making a choice and moving on

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If you’re older than 3, you’ve probably had your fair share of worries here and there.
You’ve worried about whether you should play marbles or chess, whether you should try out for the basketball team or not, whether you should ask Susie or Phyllis to the prom or whether you should go to State U or State Tech.  Decisions prey upon all of us from an early age, and stress boils up from each one.  We worry if we should do A or B, and project even further – if I choose B, then I’ll need to consider C or D.

Making decisions is not something that comes easily to me. I am not, by nature, decisive – I’m analytical.  When I buy light bulbs, I like to consider environmental impact, current cost of CFLs versus long-term savings due to long lives and the effect of harsher lighting on mood.  I don’t just buy a bulb – I buy a future.  I consider each and every possibility that can occur.

Once in a while, though, I have a glimpse of the future that doesn’t involve careful planning. As Curmudgeon recently noted, I am slightly obsessed with failure.  I agree, although I’d make a slight distinction and say I’m obsessed with crisis more than failure.  I’m obsessed with meeting the moment of decision and making the right decision (and therefore avoiding the wrong decision, which is a fear of failure).  But my nature is to avoid failure – not to seek success.  It’s a small difference, but making a hundred or a thousand decisions like that can drastically change your future.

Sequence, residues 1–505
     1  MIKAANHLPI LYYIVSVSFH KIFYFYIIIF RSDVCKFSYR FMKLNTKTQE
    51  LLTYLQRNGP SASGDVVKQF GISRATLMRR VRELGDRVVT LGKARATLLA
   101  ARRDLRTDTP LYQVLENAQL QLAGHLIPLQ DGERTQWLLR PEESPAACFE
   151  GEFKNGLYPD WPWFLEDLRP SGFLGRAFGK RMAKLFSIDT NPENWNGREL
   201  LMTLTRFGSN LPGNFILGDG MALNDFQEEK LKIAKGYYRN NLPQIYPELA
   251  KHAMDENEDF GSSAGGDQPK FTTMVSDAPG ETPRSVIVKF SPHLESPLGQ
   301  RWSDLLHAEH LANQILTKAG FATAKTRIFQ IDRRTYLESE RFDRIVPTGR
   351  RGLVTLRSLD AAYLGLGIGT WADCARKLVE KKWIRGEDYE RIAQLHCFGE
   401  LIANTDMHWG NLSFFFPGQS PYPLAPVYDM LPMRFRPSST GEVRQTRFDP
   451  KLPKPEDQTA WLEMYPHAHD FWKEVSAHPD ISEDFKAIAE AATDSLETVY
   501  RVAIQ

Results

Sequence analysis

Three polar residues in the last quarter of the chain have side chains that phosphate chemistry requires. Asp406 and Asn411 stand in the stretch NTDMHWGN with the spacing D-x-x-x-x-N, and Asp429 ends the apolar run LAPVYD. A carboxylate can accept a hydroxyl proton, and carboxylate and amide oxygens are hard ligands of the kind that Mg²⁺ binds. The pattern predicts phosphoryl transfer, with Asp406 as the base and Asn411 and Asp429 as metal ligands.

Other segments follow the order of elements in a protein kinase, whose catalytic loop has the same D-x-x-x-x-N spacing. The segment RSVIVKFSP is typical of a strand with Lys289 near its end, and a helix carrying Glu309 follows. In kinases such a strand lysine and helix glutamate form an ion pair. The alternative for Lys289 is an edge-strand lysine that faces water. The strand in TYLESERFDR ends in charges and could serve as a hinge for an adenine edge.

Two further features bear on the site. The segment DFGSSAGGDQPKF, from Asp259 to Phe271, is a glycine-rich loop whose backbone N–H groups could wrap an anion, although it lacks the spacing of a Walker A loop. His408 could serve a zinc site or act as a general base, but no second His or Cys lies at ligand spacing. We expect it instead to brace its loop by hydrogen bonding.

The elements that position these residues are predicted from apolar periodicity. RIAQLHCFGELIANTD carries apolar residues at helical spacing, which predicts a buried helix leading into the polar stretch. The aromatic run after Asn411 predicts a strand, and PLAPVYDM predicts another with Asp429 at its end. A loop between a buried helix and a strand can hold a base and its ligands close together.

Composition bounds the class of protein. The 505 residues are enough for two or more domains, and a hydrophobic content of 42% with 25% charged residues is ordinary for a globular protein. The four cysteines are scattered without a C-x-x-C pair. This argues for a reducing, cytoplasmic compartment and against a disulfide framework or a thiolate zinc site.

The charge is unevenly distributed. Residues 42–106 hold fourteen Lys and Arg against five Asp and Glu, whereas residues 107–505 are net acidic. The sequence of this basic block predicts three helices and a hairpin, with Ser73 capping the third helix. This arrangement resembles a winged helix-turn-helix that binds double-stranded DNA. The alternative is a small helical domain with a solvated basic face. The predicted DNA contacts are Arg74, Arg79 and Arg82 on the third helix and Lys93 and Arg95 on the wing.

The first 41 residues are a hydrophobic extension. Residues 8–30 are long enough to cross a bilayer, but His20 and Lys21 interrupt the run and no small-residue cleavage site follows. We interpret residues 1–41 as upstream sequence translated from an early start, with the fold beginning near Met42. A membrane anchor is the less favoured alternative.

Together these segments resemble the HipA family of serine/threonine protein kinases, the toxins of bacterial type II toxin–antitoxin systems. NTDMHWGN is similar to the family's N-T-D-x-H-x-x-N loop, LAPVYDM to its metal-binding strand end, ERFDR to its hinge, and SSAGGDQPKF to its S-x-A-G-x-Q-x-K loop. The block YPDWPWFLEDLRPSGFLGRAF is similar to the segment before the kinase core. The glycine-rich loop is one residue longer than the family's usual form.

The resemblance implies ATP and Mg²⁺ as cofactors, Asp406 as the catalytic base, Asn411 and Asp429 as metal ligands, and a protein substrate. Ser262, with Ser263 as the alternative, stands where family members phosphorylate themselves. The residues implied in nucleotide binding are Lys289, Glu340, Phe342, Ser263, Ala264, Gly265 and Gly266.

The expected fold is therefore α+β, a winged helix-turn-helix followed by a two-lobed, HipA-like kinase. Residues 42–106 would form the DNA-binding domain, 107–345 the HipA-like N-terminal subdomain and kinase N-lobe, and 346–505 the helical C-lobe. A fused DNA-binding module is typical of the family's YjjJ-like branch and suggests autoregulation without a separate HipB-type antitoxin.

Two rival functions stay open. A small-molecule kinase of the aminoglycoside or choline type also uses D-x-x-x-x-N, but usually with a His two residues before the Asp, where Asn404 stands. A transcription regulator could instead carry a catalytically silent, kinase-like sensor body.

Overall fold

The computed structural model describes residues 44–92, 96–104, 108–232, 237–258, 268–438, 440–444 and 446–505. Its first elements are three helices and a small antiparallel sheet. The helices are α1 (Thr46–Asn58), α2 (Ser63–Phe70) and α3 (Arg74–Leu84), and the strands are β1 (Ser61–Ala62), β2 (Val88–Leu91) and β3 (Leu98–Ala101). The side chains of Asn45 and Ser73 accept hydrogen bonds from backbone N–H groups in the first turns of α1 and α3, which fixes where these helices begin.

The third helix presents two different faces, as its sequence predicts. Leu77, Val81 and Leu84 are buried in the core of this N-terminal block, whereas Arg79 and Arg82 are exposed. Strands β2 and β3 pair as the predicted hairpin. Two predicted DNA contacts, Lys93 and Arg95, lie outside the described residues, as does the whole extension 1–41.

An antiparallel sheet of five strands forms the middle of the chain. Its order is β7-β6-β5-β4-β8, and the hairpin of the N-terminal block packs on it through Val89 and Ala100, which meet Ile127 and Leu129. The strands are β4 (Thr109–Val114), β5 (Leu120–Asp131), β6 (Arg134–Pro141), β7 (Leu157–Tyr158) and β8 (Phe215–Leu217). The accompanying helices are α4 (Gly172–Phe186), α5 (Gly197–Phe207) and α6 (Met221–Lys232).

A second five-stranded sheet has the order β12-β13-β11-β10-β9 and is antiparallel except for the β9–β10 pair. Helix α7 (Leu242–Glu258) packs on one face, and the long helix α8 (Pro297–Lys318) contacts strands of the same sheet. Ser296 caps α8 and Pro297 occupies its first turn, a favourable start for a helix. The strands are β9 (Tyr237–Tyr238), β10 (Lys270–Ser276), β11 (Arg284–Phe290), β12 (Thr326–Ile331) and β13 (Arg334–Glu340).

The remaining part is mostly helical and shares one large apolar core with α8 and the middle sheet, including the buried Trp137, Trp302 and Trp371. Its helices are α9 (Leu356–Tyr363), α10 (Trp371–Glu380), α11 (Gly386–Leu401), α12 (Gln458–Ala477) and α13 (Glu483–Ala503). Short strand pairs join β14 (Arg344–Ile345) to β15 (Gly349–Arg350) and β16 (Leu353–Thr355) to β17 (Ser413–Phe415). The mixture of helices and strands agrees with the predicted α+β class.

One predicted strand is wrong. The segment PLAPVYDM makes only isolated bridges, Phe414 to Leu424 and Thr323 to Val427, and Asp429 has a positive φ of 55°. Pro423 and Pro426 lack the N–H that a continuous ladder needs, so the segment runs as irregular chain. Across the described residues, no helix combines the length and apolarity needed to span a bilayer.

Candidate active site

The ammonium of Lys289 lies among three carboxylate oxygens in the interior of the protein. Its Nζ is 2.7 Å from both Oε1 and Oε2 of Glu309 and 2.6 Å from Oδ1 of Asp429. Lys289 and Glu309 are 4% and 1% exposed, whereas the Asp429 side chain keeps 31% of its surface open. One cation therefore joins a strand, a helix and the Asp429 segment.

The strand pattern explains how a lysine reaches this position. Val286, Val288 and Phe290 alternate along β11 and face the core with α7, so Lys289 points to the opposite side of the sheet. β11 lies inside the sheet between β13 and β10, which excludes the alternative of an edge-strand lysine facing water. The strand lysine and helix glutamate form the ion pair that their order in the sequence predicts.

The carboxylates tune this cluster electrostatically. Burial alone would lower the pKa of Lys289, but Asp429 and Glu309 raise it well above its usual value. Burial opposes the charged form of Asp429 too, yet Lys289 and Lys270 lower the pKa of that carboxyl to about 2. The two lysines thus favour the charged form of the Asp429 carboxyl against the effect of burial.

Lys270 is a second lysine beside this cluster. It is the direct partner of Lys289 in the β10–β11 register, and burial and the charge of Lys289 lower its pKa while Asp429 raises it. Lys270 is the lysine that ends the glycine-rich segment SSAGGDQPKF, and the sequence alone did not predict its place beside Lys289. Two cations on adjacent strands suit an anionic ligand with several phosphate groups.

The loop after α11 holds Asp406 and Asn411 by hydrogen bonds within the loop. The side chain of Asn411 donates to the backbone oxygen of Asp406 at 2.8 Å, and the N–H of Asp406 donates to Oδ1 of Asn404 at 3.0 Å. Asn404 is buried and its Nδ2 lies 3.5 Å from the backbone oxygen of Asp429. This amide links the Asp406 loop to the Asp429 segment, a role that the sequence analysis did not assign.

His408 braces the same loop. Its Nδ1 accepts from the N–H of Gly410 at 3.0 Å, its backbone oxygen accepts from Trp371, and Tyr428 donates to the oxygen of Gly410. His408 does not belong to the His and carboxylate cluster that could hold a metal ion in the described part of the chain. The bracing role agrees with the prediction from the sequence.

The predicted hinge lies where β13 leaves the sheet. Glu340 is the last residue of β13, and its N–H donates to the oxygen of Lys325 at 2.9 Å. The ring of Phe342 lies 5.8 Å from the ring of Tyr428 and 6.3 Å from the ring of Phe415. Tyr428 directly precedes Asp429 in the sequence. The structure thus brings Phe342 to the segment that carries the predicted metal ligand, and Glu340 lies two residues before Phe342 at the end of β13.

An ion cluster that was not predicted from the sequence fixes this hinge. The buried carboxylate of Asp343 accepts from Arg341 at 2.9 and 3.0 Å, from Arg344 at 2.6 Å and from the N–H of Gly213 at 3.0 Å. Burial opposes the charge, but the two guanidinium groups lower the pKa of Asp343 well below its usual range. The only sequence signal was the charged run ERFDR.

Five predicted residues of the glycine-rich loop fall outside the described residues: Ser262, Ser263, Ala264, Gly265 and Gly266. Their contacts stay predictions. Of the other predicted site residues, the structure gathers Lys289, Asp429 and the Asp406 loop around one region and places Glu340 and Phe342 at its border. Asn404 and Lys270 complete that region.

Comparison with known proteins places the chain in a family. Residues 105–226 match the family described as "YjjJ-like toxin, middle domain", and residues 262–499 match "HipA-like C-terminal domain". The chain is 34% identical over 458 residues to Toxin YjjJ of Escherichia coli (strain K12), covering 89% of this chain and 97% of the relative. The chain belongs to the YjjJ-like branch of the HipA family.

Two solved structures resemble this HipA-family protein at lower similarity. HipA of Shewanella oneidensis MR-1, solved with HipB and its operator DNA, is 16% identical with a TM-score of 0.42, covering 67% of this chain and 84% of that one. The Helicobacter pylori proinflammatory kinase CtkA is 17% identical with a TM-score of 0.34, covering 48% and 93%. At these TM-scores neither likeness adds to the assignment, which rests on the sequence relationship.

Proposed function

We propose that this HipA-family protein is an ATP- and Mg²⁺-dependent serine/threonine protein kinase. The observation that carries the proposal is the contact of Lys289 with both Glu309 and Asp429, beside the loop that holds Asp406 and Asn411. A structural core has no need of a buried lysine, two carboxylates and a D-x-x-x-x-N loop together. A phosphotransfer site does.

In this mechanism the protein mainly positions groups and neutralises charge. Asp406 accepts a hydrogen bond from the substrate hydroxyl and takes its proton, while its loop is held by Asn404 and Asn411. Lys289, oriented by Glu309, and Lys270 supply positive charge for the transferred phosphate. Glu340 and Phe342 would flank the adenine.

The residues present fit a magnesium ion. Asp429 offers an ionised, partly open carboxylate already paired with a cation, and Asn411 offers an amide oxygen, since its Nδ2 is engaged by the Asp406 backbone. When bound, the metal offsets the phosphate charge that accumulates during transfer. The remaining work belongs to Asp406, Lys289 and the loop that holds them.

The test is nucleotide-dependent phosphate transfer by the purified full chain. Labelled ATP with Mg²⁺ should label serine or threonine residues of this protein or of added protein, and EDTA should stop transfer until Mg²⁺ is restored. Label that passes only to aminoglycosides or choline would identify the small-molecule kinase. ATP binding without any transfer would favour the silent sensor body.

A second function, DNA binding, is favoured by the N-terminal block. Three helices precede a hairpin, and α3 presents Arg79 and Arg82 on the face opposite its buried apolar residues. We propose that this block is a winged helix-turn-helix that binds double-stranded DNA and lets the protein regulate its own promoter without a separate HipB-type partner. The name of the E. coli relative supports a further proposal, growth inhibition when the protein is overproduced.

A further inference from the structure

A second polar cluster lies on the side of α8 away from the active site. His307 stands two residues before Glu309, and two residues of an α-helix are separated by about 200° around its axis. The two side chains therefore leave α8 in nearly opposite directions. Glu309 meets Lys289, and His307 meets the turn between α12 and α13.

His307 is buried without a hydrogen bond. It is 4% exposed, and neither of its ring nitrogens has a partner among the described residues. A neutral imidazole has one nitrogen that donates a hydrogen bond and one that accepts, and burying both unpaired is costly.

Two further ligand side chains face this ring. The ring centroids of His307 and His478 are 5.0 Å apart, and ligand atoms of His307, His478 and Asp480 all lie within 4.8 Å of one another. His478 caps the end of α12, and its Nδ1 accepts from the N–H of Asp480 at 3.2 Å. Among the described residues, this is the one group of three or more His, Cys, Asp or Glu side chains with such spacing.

We already made one huge decision – to move 1000 miles from where we live now. But now I’ve found myself trapped by stupid, small decisions – hire this mover or that one?  Rent this house or that one?  Keep the garden hose or buy a new one after we move?  These decisions are false choices.  I know, beyond a shadow of a doubt, that if I throw away OR keep the garden hose I will not remember that decision in a year.  I will not even remember that it was a choice in five years, and in ten years I probably won’t even remember where the garden hose I own came from.  I know that these decisions will disappear in time, but I am seized by doubt in the short term.

So today I’ll look at each decision and ask myself a couple of questions:  is it a decision that affects the health of my kids or my wife? Does it harm my own well-being?  If not, I’ll make a decision and move on, because the worst failure is not making the wrong decision, it’s making NO decision.  Nobody can move through life debating each choice endlessly.  Eventually a choice is made – eventually a die is cast.

The choice of a path forward is critical, of course. When I returned from Moscow, I had two good job offers – one near my hometown down South, and one in New York.  I thought about the options, decided that both were equal – and then seized one.  I don’t know what the other route might have meant to me – maybe life would have been better, maybe worse.  But the choice needed to be made, and having made it I have no idea of what the future might have held had I stayed in the South.  My life in its current state would not have existed – no Bubelah, no Little Buddy, no Pumpkin.  It’s an almost incomprehensible difference in retrospect.  But having made the choice, I realize that it was the right choice, because it led me to today, and the past is done.  If you look at your life – or anyone’s – and the choices you have to make in order to live a good life, you’ll realize that living with your choices is never as difficult as making your choices in the first place.

photo credit: kimberlyfaye